SKOWHEGAN — One thing was clear Tuesday night following a public hearing on street and traffic woes in Skowhegan: Residents do not want to go back to the way things were before recent changes in the residential neighborhood around Gem Street, Cowette Street and Greenwood Avenue.

More than 30 people attended the public hearing, calling for sidewalks, speed tables and decrying high traffic volume, speeding cars and motorists running stop signs. Residents also said that, as taxpayers, they didn’t want to be prevented from using certain streets if they are made to be one-way, like private block parties. People want to get to Burger King from Dr. Mann Road without breaking the law, they said.

Residents agreed all the issues were safety issues. More public input and more police activity were advocated.

In the end, the Board of Selectmen voted 4-1 to keep things the way they are now with recent changes made by Road Commissioner Greg Dore since April.

“I think we can all live with that and we can make it happen,” said Selectman Soren Siren said in making the motion to pass. Selectwoman Darla Pickett, the lone dissenter, said she still wanted more time before rushing into restrictions without input from a safety committee.

The way things are is — Gem Street open to local traffic only; Cowette one way with big “Do not enter” signs alerting motorists and no left turn onto Madison Avenue from Cleveland Street.


In addition, interim Police Chief Joel Cummings said he will began a new plan to meet community safety needs. That plan includes computer calls generated to the patrol officers on duty that say “it’s time to go do traffic,” Cummings said.

“For a half-an-hour period, we do nothing but traffic,” Cummings said. “It’s going to designate a specific area, a specific purpose — speed, stop sign violations — and it’s going to be random. We’re going to start off with at least two of those a day for each shift; two during the day, two at night.”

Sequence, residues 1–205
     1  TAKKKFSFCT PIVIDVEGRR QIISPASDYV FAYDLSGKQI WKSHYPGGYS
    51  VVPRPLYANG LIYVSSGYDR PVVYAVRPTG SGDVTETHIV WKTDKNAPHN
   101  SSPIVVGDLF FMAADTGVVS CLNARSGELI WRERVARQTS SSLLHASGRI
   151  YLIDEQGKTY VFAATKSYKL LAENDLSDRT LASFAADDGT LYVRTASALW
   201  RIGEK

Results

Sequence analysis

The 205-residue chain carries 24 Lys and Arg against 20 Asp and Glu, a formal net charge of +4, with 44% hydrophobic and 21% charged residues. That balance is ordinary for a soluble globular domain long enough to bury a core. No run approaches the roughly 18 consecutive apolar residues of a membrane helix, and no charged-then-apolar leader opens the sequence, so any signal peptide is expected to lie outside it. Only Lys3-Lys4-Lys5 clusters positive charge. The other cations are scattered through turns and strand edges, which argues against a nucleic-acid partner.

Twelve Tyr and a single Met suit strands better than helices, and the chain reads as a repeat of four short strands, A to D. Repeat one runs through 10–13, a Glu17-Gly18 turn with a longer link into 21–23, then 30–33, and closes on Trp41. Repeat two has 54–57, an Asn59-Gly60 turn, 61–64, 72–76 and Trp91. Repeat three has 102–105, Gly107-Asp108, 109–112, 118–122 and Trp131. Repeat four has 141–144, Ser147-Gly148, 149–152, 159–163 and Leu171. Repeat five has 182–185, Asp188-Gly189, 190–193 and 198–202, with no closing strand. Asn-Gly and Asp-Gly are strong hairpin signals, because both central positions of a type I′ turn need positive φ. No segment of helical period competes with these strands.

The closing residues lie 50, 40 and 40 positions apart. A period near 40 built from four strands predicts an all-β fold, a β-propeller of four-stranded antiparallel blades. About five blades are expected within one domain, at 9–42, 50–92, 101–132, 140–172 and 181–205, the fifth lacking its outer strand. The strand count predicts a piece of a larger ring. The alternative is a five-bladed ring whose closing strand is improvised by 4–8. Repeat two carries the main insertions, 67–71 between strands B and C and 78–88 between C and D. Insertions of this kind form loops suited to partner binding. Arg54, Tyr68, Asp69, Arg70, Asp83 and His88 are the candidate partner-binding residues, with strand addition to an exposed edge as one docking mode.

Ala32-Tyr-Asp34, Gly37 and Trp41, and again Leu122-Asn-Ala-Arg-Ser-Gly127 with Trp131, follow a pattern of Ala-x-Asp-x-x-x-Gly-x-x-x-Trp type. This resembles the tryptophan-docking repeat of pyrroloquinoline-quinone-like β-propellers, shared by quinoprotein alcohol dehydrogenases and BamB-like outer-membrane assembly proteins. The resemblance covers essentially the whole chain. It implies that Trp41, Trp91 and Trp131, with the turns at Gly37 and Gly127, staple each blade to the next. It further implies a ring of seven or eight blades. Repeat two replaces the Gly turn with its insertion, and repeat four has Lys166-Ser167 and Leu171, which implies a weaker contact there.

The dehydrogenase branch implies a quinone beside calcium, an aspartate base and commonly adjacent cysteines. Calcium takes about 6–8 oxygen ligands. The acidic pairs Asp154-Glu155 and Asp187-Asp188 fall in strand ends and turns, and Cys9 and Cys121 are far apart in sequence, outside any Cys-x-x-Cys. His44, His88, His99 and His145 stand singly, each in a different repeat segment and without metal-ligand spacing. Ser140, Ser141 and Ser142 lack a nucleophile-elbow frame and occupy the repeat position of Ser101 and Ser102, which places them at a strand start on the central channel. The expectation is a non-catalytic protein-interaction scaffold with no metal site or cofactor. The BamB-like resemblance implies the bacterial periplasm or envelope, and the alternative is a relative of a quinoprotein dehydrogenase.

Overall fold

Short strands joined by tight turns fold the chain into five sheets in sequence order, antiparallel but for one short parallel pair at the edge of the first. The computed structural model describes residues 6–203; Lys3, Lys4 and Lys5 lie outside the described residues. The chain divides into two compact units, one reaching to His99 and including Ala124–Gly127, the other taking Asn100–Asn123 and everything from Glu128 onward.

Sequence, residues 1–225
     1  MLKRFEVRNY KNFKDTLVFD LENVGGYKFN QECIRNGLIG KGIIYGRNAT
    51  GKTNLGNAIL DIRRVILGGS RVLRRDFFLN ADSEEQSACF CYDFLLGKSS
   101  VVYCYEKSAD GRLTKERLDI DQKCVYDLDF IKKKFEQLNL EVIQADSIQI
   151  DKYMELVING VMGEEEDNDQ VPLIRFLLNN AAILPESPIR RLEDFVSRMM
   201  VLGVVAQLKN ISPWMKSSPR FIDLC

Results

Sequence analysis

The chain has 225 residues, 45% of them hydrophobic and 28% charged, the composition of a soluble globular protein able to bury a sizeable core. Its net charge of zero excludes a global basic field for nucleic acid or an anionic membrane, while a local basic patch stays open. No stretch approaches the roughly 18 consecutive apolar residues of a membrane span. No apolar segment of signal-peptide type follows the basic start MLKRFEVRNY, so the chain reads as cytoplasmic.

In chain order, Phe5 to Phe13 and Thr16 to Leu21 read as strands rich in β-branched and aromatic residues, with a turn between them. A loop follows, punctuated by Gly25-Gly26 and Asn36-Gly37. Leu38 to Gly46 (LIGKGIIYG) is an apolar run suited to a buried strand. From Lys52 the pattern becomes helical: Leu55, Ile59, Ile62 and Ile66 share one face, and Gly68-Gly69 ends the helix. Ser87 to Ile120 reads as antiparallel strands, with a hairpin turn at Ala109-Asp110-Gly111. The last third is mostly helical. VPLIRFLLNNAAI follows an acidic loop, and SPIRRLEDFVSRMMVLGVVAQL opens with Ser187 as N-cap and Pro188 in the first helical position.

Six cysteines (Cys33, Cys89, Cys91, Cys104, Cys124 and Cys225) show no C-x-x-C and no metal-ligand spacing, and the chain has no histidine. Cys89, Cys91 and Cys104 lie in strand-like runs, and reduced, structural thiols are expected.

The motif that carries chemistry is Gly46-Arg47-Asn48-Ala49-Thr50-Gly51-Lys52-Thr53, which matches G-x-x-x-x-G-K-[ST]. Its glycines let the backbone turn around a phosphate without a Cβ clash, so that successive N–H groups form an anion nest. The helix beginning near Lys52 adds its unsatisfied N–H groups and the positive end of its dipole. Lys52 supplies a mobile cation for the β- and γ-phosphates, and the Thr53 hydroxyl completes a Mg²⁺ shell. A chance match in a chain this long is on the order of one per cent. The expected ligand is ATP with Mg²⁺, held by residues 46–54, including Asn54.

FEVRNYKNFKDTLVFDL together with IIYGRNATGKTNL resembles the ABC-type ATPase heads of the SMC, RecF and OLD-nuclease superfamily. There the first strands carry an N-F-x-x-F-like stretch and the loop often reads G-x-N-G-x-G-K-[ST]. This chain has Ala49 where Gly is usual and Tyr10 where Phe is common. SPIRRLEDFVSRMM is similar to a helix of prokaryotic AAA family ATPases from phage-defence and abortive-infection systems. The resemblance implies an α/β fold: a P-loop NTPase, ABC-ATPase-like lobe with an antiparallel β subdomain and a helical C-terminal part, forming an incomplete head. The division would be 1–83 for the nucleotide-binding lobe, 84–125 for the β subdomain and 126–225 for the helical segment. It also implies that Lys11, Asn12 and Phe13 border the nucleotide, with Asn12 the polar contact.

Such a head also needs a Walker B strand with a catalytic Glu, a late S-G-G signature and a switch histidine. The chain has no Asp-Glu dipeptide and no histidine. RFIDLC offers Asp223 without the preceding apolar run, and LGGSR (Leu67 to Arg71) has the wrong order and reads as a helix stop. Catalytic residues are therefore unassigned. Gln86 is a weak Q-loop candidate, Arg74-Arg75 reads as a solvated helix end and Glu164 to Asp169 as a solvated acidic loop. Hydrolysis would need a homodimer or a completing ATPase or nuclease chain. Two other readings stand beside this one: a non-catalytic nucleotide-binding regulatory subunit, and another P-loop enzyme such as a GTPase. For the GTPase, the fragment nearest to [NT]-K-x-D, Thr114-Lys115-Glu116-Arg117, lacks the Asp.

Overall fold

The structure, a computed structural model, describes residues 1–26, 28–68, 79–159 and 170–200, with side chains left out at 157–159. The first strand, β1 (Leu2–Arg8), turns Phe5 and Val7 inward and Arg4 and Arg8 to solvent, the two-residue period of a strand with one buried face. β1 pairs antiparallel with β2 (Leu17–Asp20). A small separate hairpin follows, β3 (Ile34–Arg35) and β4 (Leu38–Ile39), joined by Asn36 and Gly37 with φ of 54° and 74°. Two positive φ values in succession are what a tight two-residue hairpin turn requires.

Dore said in April that his department did a traffic count and found that 11,449 cars and light trucks used Gem Street in both directions over the course of one week to get to one side of town to the other. He said 34 percent of those motorists were exceeding the speed limit. About 5,500 cars were counted on Cowette Street that week.

Changes were made. Streets were made one-way, stop signs were installed, as were “Do not enter” signs. Then changes were made to the changes. Gone were the one-way street signs on Gem and West streets in Skowhegan, installed to eliminate shortcuts through the residential neighborhood between North Avenue and Madison Avenue. Motorists were allowed to use the two streets for two-way traffic — but they are not allowed to enter either street from North Avenue.

The issue was first addressed April 17 when Gem Street and Cowette Street were made one-way from Madison Avenue — to where they meet Greenwood Avenue and Cleveland Street, next to the Belmont Motel and across from the Hannaford supermarket — to North Avenue. Speeding and traffic congestion prompted complaints from residents in the neighborhood, so Skowhegan selectmen took action. The area that includes West Street, Locust Street and Wilson Street is a residential subdivision, not meant to be a shortcut across town, they said.

In other areas of the residential neighborhood, fewer cars were going through, but they were going faster, Dore said.


The Skowhegan Planning Board also is looking into the problems, Town Manager Christine Almand said.

Dore also has drafted a “traffic calming” policy, based on regulations in the city of Portland.

Under the proposed policy, 10 or more residents from any given area of town could file a petition with the town clerk for review of their traffic complaints. The petition then would be sent to the road commissioner and each selectman. Any member of the Board of Selectmen also could initiate the process. The road commissioner would analyze the complaint and report back to the selectmen with his findings for final action by them.

That policy will be acted upon in the coming months.

Doug Harlow — 612-2367


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